But it doesn't last, does it? (Though your run has been far, far longer than most.) Quite recently I was having lunch with an agent, and we were talking blogs. Unaware of my own pointed interest in the conversation, he was raving about all those po-mo lit-crit tech-head groove-sters, Marvelous Maud and Bookslut and Sarah the Idiosyncratic and ElVar and Beatrice/ix and Nathalie the GalleyCat and--well, pretty much everybody in the known lit-blog universe... except... AHEM...

"Sure, sure," I said, "But what about that, whatzit, BookAngst, the publishing blog?"

He squinted a moment as though trying to concentrate in a loud restaurant. (OK, it was a loud restauant.) I prompted him further: "You know--that Mad Max guy?" Finally the squint gave way to a flicker of recognition--and then

He. rolled. his. eyes.

"Oh, God, yeah, I know that one--isn't it such a bore? The guy obviously doesn't know anything about publishing; maybe if he had some good gossip or something it'd be worth it--instead he goes on and on about the dullest topics. Reaganomics, corporate mergers, blah blah blah."

That night I dragged myself home and discovered that I'd had nine--9!--hits in the previous 24 hours; and two of them were come-ons from porn sites.

Well, Liz, at least they're still writing about you. Whereas Tuesday's lit-blog-fete made no mention of....well.... Anyway, now that the writing's on the wall, Liz, I depend on your example to show me the way to a graceful exit. As to all you hot-shot blogsters riding high atop the crest of the moment, just remember:

Payback's a bitch!


TLG said...

But we're not bitter, are we?? ;)

You know I love you, right? Not love-love, but the way I love that portion of the internet that's capable of stringing words together in grammatically correct, diagram able sentences and then string said sentences together in a manner enjoyable to read.

The only thing worse than perpetual anonymity is being pushed out of the spotlight back into anonymity. The media’s fascination with all the various types of bloggers and all the zillions of things they blog about will die down soon ( I said that two years ago), and we’ll all just be lone voices crying out in the dark again. It’s comfier that way :)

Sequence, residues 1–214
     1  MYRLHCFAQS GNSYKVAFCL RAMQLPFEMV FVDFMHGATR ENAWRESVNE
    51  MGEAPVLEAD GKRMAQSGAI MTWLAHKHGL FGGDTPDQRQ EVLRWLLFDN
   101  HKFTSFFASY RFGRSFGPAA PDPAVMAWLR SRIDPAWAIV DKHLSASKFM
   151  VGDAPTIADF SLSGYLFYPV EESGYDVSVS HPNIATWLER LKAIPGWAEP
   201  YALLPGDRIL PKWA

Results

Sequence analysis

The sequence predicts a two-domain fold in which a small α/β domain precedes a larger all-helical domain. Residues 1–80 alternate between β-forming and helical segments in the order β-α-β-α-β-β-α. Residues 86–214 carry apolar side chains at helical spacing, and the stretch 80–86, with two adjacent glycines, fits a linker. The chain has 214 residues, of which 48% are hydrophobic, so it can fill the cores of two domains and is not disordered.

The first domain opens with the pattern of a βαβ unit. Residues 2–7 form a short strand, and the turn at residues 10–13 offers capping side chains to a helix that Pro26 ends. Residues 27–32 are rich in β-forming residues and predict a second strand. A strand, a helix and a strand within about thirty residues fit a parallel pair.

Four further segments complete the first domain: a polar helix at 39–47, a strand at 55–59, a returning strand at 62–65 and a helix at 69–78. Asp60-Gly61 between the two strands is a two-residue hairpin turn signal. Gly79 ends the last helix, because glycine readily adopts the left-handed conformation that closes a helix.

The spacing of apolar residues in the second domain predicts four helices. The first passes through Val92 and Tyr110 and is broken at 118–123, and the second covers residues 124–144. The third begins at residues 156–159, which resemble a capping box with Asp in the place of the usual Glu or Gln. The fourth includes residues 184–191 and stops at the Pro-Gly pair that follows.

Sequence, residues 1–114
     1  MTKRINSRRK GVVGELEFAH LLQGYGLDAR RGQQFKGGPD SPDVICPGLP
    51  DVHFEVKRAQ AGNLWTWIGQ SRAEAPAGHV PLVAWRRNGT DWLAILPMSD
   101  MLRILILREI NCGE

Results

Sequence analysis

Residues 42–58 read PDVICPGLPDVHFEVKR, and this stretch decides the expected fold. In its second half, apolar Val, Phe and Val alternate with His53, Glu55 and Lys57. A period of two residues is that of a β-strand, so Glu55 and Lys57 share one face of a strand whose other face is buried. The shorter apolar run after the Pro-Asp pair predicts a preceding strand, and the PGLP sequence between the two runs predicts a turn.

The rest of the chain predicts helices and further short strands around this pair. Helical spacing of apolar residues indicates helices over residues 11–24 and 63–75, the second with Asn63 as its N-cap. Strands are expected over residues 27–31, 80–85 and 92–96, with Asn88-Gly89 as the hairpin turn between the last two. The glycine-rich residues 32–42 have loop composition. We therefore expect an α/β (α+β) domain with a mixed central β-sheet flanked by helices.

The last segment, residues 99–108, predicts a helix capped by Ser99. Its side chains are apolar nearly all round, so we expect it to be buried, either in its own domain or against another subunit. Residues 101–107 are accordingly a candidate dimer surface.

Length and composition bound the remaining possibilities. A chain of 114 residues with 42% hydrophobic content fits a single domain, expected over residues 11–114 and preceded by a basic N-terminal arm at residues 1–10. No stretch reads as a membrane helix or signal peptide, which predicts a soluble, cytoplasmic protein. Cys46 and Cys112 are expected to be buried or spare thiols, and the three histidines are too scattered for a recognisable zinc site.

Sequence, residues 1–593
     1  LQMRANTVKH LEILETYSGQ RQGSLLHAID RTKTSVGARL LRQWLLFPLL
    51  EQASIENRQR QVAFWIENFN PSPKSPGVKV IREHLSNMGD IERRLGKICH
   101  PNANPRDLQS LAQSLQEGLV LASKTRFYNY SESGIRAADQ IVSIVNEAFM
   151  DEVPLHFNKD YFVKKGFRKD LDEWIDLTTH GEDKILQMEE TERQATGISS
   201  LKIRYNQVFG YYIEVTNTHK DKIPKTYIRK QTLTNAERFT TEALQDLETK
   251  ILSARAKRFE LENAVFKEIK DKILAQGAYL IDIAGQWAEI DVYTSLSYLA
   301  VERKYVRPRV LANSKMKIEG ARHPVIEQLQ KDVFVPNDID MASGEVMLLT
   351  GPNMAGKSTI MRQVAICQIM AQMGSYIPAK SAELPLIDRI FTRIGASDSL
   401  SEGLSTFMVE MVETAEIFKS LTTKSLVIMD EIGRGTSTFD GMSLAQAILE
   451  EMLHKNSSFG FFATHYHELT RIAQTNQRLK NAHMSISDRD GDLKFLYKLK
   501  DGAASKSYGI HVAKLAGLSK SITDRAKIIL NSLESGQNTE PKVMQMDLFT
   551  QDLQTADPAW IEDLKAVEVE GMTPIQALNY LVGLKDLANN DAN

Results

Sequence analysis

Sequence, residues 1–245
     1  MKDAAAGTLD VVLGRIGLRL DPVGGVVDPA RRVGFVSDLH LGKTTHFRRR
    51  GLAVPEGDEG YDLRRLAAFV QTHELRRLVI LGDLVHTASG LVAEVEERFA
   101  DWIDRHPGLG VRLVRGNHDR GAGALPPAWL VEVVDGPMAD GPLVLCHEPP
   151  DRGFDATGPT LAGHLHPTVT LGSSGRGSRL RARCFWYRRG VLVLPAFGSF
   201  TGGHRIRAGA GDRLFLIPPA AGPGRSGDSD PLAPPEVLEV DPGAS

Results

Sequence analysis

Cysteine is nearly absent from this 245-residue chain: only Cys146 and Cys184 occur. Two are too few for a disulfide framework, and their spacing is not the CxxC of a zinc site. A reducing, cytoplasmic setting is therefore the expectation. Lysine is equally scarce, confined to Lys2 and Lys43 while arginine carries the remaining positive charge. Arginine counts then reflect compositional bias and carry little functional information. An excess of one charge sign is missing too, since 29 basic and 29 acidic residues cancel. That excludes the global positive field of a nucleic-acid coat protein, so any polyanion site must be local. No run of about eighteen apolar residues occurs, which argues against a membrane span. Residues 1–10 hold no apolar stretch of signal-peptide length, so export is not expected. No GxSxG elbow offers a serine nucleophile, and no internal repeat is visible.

On a seperate note...Sadly, I think your whole post was a metaphor for my childhood.

Ami said...

And to strike another painful metaphor...

You'll never be able to make a living at it. If you're in it for attention, or fame, or money, (or all those other things veteran writers say to wanna-be authors) get out, now. ;-)

Maybe, one day, if you're lucky, you'll make some extra bucks on the side by lecturing to bright-eyed university students about the anthropological importance of blogging.

You can go on and on about having seen, first hand, how the legendary six-figure 'deals' made by the star-bloggers of '05 weren't so great afterall. How the poor, hopeful schmucks were sucked into the machine and then spit back out when their publisher's dumped them for the new crop of 'of-the-moment' memoirs such as I am Doom, Gamers in the Myst, and Finding Everquest.

Give my best to Liz.
Former universtiy food service workers, unite!
Love ya, Max.

Phil W said...

Your descriptions capture the reason gossip is a sin. It's awful.

Don't be discouraged, Max. I like your blog. It's solid. I would like it less if it had gossip like the agent wants.

Bob Liter said...

You mentioned getting only nine hits on a particular day and several of them were spam. I was one of the others. Keep writing.
Bob Liter

Anonymous said...

So why DID Y get fired?

I think you owe it to me to say, after bringing up nightmarish memories of time served separating glass, trash, and plasticware in the dishroom of my hoitytoity private university. Not to mention the food-encrusted, often-bent flatware. Though at least I was paid threesomething an hour. You must be old.

Also, can one have a legitimate claim to suffer if one has a big-screen TV but doesn't use it very often? What if one lives in an upscale Southern California suburb, but drives an old car?

And who is the reefer-mad agent? I'll give you 25 extra bloghits if you tell.

Thanks for the amusement. I wuv you better than that Maud lady and Liz Smith combined. Hey, is it true what they say about that Maud lady and Liz Smith combined?

Anonymous said...

I used to read all the "literary" blogs daily. It took me a few weeks to realize that they were:
a) time-sucking worm-holes of self-aggrandizement
b) Mobius-like loops of reference, self-reference, and reference to self-referential writings
c) pseudo-cool cliques populated by people who had no discernible connection to the real world--that is, the actual productive world outside the helium-like ether of blogdom

BookAngst 101 is the only blog that remains in my bookmarks. I may not visit as often as I would like, but when I do, I always find the posts worth reading. Thank you for doing this.

Anonymous said...


I counted no less than three out-loud laughs (plus assorted sniggers) you scored with this post (visual: Max pumping fist), which is about three more than any of the other so called lit-blogs might be expected to deliver on any given day. Suggests to me you must be doing something right. Maybe park the exit strategy for a while, hunh?

And, I have to ask (though I am never quite sure whether/when to take you seriously)... that blog that sought the true Max identity... could you clip us a link 'cause I know I (sadly) missed it, if indeed there ever was such a thing.